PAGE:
Frequently Asked Questions:

Here are some commonly asked questions. If your question is not listed please let me know and I would happy to answer any questions you may have.

Recommended Bunny Supplies:

1.  A Hutch- Critter nation 2 level metal hutch is what i currently use  ( the wood hutches are often cheap and do not last long


A EXTRA LARGE rabbit cage to get you started as the baby bunny is still being trained,  but should only be used as a litter box when the bunny reaches 6 months of age.

2. A play yard or fenced area for exercise time. 

3. Water bottle or bowls. There are so many different types. I use a variety for my bunnies. I like large ceramic bowls so that the bunny can not move the bowl. Or bowls that attach to the fencing of the hutch. I also like small anti gravity bowls that are used for cats. I am not a fan of bottles as they tend to leak and can possibly leave a bunny dehydrated. 

4. Hay and Pellets- We currently use timothy hay  that we get in bulk at Shoppers supply in Chandler. We store the hay bale in a very large tote bin. We do sometimes get orchard grass hay that you can get in a large box at Shoppers. We get hay cubes versus pellets and have much success with them.  Chewing on hay cubes also helps bunnies to file their teeth down.  They don't dig at them and waste them as often. The cubes we get are an alfalfa/timothy blend. Hay/ Grass should be the majority of your bunnies diet.  Rabbit safe veggies and fruits can be given as treats. 

5. Litter box- we like large  litter boxes for when the bunny gets bigger, but will include a small litter box to get you started with some litter box supplies. We use 3 items for our litter box. The first is PDZ, which is a natural powder that helps absorb odors. Next, Pine pellets that are heat treated. Last, we sprinkle some hay on top and put a good handful or 2 of hay in one corner. Bunnies tend to poop/ pee where they eat. We get all of these supplies from Shoppers Supply in Chandler.  

6. Toys & Other supplies: We like testing out different toys and beds and have found that the bunnies like chewing on rabbit safe woods, Toilet paper with hay in it, Little toddler stacking cups, and all natural chewing toys. We refrain from toys that have chemical dyes in them. Also be careful of beds that have to much stuffing as they can accidentally be ingested which can be fatal.           

Feel free to check out lots of YOUTUBE videos for other helpful advice. We suggest following Lennon the bunny. 


Q. How much do you charge for your Holland lops?

A.  I currently charge $150 for Pet Quality. These bunnies are not pedigreed and are not showable. **Prices can vary due to color and personality. **

- Our bunnies are loved and held by myself and kiddos daily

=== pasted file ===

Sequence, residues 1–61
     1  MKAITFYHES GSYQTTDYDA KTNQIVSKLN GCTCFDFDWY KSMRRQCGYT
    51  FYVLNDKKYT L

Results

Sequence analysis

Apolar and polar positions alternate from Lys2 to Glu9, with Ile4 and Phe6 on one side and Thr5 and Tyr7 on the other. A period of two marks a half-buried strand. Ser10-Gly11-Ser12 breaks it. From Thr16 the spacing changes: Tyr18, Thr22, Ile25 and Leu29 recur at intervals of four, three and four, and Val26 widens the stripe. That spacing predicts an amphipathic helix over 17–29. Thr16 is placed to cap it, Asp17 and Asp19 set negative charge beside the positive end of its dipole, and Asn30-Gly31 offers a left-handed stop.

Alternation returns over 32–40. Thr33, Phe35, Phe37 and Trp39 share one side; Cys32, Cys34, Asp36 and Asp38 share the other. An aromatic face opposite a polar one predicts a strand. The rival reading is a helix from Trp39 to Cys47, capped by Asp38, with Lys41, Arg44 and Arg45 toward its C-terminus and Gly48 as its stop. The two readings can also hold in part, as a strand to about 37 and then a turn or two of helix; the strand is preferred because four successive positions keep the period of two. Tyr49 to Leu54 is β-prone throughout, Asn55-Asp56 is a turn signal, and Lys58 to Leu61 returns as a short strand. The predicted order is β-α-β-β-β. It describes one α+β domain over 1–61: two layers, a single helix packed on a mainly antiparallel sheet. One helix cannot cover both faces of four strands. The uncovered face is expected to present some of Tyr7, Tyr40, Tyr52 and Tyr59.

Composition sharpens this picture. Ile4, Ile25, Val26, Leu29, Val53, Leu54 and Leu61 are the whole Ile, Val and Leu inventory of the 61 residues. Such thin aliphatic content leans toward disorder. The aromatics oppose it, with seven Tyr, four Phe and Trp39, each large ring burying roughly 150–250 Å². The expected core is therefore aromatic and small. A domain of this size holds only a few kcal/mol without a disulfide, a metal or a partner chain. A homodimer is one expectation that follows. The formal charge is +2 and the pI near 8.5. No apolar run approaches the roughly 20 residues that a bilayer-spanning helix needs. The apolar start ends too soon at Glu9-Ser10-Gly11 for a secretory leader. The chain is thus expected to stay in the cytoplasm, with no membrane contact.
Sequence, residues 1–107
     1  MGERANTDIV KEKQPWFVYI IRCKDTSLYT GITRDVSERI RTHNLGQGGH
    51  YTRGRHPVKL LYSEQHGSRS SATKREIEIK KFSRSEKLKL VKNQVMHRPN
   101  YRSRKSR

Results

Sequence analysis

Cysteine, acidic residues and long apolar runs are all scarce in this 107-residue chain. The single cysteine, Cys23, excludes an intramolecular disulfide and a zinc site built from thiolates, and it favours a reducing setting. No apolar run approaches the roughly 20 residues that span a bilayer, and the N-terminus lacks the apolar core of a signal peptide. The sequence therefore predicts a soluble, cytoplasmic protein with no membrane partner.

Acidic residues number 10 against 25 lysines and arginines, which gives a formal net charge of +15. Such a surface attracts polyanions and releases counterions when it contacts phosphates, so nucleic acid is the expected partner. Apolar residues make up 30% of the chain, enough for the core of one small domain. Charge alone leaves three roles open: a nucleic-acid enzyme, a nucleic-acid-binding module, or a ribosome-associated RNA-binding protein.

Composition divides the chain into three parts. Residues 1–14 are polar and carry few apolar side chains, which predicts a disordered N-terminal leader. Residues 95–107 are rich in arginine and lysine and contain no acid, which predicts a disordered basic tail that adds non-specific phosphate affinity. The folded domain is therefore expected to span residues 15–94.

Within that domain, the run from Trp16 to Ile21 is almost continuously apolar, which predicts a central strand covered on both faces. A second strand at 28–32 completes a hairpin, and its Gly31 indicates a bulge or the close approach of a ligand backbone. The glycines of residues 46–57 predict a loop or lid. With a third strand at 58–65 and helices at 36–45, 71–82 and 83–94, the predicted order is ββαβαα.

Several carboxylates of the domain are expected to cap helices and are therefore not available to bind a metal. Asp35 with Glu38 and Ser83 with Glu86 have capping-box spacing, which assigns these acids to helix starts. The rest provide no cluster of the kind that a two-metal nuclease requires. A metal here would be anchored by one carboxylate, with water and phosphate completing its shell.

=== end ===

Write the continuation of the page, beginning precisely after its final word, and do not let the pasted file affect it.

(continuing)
- We grow organic produce for our bunnies in our edible garden

- We spoil our bunnies with treats, toys, and comfy beds. They are treated as pets until they go home. So they are spoiled rotten. 

- We make sure our bunnies are happy and healthy before they go to their new home.       

Q. Are your bunnies litter box trained?

A. We do work on litter box training our bunnies, however they will not be fully litter box trained until they are a little bit older and neutered/spayed. 

Q. At what age do you recommend getting a bunny neutered/ spayed?

A. 6 months of age and we take our bunnies to Avian Exotic in Mesa

Q. Should I get my bunny neutered or spayed and how much does it typically cost?

A.  We highly recommend getting your bunny spayed or neutered if you do not plan on breeding him/her. Male bunnies can start to spray like a cat to mark their territory. Female rabbits can get more aggressive with hormones. If you have 2 males they may start fighting to the death. If you are thinking about purchasing 2 bunnies. We highly recommend getting a male first, waiting until he can be neutered at 6 months of age, then get a female companion that is a baby. Or getting 2 litter mates that are females. They will bond better this way. Getting your bunny spayed or neutered can cost anywhere from $75-$250 or more. Typically you will wait until your bunny is 6 months or age before getting them spayed or neutered as surgery is riskier for a younger rabbit. ** Keep note that some bunnies will never bond even after getting neutered/spayed**

Q. What do you feed your bunnies?

A. We feed our bunnies a variety of foods including:

- Alfalfa Hay,  Timothy Hay, and Orchard Grass (fresh, pellets and cubes)

*Note: Alfalfa hay is for our nursing mothers and their babies under 1 year of age. It is higher and calcium and should be more of a treat as the bunny ages. 

- Veggies & Fruits: Dark Leafy Greens, Chard, Parsley, Cilantro, Carrots, Grapes, Strawberries, Blueberries, Mulberries, Apples, Pears, Banana,  etc. 

- Safe plants from around the garden and weeds

Q. How long does a bunny live for?

A. Bunnies can live for 7-12 years. 

Q. Should I give my bunny a bath?

A. It is recommended to AVOID baths if possible. But if for some reason you must give your bunny a bath make sure that you avoid getting water in their ears. Also make sure you do not use hot water. Avoid shampoos and soaps that are not safe for bunnies. 

Q. Do you have Pedigreed Holland Lops?

A. We currently have 2 pedigreed lops in our colony. Midnight who is a solid black and Willa who is a Blue Otter. We may have pedigreed babies available.  However, we do not show ourselves.

Q. Do you take rescues and rehome?

A. We currently will only accept our bunnies that we have previously sold back into our rabbitry and rehome. This is by a case by case basis and subject to change. I also require a health report from a veterinarian, so I know the bunny is not sick. I do not accept any other rescues at this time.

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